Was Robert's Rebellion Based On A Lie On 'Game Of Thrones'? The Season 7 Finale Has Us Questioning
This post contains spoilers from the Game Of Thrones Season 7 finale. Tonight's finale of Game of Thrones Season 7 gave us a triple whammy: birth, sex, and marriage. That we would return to the birth and find out Jon's name was a given. That Jon and Dany would do the deed was also in the cards. Marriage? Didn't see that coming. But Bran's voice over brought up an interesting point: Was Robert's Rebellion based on a lie?
Perhaps we should have seen the wedding coming. (Do we have a nickname for it yet? Can we call it "The Golden Wedding"?) After all, the last Game of Thrones episode with a title that matched "The Dragon and The Wolf" was "The Lion and The Rose" and that was the Purple Wedding episode. Also, everyone assumed the title was referring to Daenerys (The Dragon) and Jon Snow (The Wolf). But really it was referring one generation back, to the union of the Dragon (Rhaegar) and the Wolf (Lyanna). If it was really about Dany and Jon it would have been "The Dragon and The Dragon."
But here's the thing: Crown Princes don't annul marriages and get remarried right away to other people with nobody knowing about it. People would have known. Robert would have known.
When Crown Princes marry, it's a big honking deal because succession is on the line. Elia Martell, Rhaegar's first wife, had two children already, one of whom was a son. For him to annul their marriage to marry someone else, who hasn't even proven she can birth male heirs, is a dicey choice. If Aerys had been in his right mind, he would have forbidden it.
Of course, that's one part of this problem: Aerys wasn't in his right mind. And there was a war on, so news can get lost. The Martells were the Targaryens' only allies, one can see why Tywin ordered the news from getting down there until the war was over.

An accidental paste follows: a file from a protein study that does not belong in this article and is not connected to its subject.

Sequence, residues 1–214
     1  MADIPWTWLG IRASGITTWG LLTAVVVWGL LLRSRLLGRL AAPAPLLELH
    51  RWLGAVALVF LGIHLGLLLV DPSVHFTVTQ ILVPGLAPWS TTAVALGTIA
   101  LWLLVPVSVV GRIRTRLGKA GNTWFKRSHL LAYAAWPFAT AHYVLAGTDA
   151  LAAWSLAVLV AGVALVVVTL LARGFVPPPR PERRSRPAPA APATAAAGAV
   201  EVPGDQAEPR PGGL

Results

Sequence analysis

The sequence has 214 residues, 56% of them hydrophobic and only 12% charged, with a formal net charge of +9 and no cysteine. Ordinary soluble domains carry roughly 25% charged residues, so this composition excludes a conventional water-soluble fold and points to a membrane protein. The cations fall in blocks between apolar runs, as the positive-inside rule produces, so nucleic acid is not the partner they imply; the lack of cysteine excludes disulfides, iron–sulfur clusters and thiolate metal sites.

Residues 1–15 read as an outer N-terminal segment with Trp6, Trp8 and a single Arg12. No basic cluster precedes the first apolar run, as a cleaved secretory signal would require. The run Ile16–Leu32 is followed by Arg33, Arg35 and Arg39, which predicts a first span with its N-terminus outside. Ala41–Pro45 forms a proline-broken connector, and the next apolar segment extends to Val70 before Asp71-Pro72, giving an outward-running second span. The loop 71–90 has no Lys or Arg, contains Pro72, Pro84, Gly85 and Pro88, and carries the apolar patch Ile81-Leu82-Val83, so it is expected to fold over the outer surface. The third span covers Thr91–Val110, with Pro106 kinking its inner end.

But there is no way that Elia's marriage was annulled and people in the Red Keep -- like Varys, like Tywin -- didn't know. For example: Tywin's excuse to Oberyn, when he accuses the elder Lannister of ordering the Mountain to kill his sister. In the TV show, Tywin simply says he didn't give the order. In the books, though, he gives a bit more detail: He did say to kill Elia. He only told the Mountain to kill the children, because he needed to prove loyalty to Robert. The Mountain took it upon himself to rape and kill her.
He didn't bother to say anything about Elia because "she was nothing." If Tywin thought Elia was still the wife of Rhaegar, there's no way he would have called her nothing. She could have been used as a symbol of the counter rebellion, led by the Martell clan. He would have had the Mountain kill her straight off.
The only reason he didn't bother is if... she wasn't Rhaegar's wife anymore, and everyone in the Red Keep knew it. And moreover, he didn't bother because he knew Robert knew there was no reason to kill her either.
Robert was in command of an army that was comprised of every House in Westeros, save Targaryen and Martell. You don't run an army of that size without having a serious spy network. Yes, Varys and his little birds technically worked for Aerys up until the sack of King's Landing. But his network would have known. And word would have gotten to Robert as well.
This also explains why Ned Stark was so freakish about keeping Jon Snow's parentage on lock. He didn't even tell Catelyn. She went to her grave believing Ned cheated on her during the Rebellion. Most assume Ned kept it quiet because Robert would have killed any Targaryen bastard begat by Rhaegar with his beloved.
But what if Ned kept it quiet because Robert knew Lyanna and Rhaegar were married? And if anyone for a second thought this might be their child, Robert would be staring at the reality he could never face: that Lyanna never loved him, that she married Rhaegar instead, and this was the rightful heir to the Iron Throne. (Not to mention that anyone who might want to stage a rebellion against Robert would snatch Jon up in a heartbeat. No wonder he wanted Jon to go to the Wall, Maester Aemon style).
When the war was over, and Rhaegar and Lyanna were both dead with "no issue," and Elia and her children murdered, one could understand why Tywin, Varys, and others would be all too happy to bury the past at Robert's behest. Did it really matter who was married to whom at that point? Let the winners write the history and forget the past... until now.